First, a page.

ASIC uses internet site blocking power 10 times in one year

ASIC has pledged to be more transparent, after it revealed that it has used the power to block websites hosted overseas 10 times in the last 12 months, including one instance where 250,000 websites were blocked.
Written by Josh Taylor, Contributor

The Australian Securities and Investment Commission (ASIC) has revealed that it has used powers in Section 313 of the Telecommunications Act to request that internet service providers (ISPs) block websites 10 times over the past 12 months, including one instance where 250,000 websites were blocked.

Last month, it was revealed that the financial regulator had inadvertently caused the block of more than 1,200 websites, when it sought the block of websites associated with a cold calling investment scam. Since then, it has become known that three agencies across the government have been using this power with no central oversight.

Appearing before a Budget Estimates hearing last night, ASIC deputy chairman Peter Kell told Greens communications spokesperson Scott Ludlam that ASIC has used the power 10 times over the past 12 months. In his opening statement, Kell said that in one instance in March, ASIC blocked 250,000 websites, the "vast majority" of which (99.6 percent) was said to contain "no substantive content". Kell said no .au websites were blocked in this instance.

He said it was not used prior to the last 12 months, and the timing with when the Australian Federal Police (AFP) began using the power to block websites on the Interpol "worst of" websites list was a pure coincidence.

"It's not to knock out a website, but rather to block access to the website by Australian consumers or investors ... to ensure they don't lose money through overseas criminal operations," he said.

"This appeared to us to represent an additional opportunity to limit the exposure of Australian consumers and investors to these websites."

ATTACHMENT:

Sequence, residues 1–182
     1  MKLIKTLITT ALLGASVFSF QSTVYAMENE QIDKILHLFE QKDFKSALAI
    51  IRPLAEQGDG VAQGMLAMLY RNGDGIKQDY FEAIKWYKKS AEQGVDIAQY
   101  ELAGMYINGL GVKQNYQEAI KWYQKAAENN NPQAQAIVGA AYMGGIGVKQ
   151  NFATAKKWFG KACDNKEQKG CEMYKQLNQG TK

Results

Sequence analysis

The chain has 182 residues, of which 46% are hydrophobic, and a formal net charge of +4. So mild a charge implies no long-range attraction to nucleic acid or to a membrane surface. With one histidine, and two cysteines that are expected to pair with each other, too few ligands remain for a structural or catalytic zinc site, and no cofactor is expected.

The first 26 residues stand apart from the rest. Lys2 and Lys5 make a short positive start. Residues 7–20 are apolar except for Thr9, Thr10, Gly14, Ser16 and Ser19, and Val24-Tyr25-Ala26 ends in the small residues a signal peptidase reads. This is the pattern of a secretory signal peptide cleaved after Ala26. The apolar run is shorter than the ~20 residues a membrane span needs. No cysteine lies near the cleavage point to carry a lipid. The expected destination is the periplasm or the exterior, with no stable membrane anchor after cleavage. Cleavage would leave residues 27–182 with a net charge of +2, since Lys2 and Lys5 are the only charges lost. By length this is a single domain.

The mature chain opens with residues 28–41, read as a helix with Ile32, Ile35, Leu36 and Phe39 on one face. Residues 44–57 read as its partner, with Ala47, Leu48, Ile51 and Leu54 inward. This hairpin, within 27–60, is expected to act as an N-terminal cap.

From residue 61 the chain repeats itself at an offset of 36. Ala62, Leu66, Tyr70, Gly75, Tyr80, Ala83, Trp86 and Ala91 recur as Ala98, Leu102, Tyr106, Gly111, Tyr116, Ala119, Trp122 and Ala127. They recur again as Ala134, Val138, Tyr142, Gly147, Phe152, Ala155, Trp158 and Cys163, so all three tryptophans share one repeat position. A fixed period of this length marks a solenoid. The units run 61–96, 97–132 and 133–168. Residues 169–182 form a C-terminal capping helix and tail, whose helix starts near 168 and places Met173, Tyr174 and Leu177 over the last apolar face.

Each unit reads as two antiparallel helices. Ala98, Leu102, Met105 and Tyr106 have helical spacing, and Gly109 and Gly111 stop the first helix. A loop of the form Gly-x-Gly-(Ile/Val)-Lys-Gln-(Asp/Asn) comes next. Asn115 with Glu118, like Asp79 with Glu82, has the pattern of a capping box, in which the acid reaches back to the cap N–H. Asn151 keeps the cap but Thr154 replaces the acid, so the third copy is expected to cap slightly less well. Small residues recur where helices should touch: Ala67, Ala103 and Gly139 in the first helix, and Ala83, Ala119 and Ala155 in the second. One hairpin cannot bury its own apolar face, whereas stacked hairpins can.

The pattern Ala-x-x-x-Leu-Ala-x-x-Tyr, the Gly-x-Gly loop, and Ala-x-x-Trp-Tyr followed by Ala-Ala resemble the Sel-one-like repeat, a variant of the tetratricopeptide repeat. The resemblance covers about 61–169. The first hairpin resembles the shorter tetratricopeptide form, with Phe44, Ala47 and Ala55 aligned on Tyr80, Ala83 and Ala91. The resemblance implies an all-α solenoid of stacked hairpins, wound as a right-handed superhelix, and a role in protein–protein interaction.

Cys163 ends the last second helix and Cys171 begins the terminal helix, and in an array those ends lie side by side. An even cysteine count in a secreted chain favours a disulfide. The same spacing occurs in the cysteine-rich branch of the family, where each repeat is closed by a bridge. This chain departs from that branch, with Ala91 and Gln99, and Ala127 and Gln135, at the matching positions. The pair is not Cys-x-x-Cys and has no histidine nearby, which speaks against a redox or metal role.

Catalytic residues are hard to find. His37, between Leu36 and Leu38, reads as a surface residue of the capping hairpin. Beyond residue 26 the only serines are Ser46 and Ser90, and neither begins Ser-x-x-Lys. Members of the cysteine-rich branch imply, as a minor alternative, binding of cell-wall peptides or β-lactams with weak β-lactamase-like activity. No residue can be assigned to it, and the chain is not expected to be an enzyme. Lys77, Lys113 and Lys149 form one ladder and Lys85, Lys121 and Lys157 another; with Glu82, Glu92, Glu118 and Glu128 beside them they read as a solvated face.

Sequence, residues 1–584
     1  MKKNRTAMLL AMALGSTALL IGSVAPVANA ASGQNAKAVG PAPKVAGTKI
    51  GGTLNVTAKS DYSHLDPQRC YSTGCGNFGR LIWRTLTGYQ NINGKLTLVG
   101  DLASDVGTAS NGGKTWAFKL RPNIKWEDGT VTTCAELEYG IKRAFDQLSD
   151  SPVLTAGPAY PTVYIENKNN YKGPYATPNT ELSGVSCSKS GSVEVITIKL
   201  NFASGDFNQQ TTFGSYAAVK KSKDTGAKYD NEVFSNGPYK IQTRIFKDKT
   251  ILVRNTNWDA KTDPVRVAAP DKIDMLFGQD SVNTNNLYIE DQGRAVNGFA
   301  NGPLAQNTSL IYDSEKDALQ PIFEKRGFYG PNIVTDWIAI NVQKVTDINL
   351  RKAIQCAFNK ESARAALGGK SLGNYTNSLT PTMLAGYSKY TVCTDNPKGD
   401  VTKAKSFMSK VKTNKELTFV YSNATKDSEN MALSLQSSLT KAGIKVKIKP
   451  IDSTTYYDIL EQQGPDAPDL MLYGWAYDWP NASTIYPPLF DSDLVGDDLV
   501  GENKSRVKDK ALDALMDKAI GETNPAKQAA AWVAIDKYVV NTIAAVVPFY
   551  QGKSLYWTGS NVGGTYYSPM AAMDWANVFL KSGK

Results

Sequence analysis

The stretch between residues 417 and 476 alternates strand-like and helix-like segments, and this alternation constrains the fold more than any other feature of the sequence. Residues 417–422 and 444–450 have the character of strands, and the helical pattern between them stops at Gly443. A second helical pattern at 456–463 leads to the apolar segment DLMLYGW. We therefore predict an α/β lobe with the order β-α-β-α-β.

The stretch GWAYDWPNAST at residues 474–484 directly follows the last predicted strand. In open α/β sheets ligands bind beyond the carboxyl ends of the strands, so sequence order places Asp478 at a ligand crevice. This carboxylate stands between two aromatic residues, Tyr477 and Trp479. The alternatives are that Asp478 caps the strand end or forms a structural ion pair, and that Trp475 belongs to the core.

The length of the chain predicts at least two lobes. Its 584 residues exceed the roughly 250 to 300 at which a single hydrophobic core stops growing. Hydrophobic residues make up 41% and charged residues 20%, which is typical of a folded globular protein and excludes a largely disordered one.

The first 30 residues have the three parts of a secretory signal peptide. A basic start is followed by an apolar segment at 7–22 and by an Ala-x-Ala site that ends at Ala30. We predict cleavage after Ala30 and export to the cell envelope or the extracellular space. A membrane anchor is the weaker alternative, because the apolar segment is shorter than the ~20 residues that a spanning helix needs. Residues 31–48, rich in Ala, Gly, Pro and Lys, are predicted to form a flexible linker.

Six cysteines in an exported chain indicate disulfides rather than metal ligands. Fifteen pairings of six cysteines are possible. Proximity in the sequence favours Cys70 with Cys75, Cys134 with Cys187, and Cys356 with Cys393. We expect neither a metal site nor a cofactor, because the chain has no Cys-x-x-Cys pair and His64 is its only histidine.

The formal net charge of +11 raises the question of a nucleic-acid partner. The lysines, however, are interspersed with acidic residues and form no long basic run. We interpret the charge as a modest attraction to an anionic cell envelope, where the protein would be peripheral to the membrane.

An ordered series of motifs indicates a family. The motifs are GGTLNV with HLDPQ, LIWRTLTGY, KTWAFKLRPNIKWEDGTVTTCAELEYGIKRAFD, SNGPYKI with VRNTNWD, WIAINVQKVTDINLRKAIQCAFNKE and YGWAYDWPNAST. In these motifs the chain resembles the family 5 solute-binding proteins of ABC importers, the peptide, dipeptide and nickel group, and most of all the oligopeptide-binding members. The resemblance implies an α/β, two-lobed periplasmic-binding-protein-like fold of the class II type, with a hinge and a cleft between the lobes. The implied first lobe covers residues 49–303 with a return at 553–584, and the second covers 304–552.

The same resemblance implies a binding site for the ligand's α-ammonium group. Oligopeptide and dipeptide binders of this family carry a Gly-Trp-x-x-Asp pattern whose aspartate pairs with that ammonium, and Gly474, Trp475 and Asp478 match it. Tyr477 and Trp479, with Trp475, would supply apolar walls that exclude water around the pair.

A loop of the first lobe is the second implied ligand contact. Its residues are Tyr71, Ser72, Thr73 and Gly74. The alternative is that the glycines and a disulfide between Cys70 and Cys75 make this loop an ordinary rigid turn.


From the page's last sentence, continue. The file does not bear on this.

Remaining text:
ASIC decided to begin using the power when it appeared that it would be more effective than asking the overseas domains to voluntarily remove the websites.

ASIC targeted at most five ISPs in that time, sending a fax out to the biggest ISPs. The organisation indicated that this method was used, because the larger ISPs also controlled some of the overseas capacity used by the smaller ISPs, and this would also block those websites for those smaller ISPs.

In the wake of the revelation that ASIC had accidentally blocked 1,200 websites in April in relation to one of the scam sites, Kell said that ASIC wants to be more transparent, and is looking to find a way to inform the public when a website has been blocked.

"We are making a commitment that we will publicly report on the use of our Section 313 powers," he said.

"For ASIC, we want to be very public about this; we want people to know about it."

ASIC's claim that the Section 313 notices are effective comes in stark contrast to the AFP's own experience. Last week, AFP's deputy commissioner Michael Phelan said that the AFP has used the Act to block malware and phishing attempts since 2004, but found that it was not a very effective way to deal with the problem.

"Over time, it's much more useful and far more valuable to actually get in contact with those that are hosting the material, and so on, and block it at the source, and get them to just tear down the sites, and so on, off-shore," Phelan said last week.

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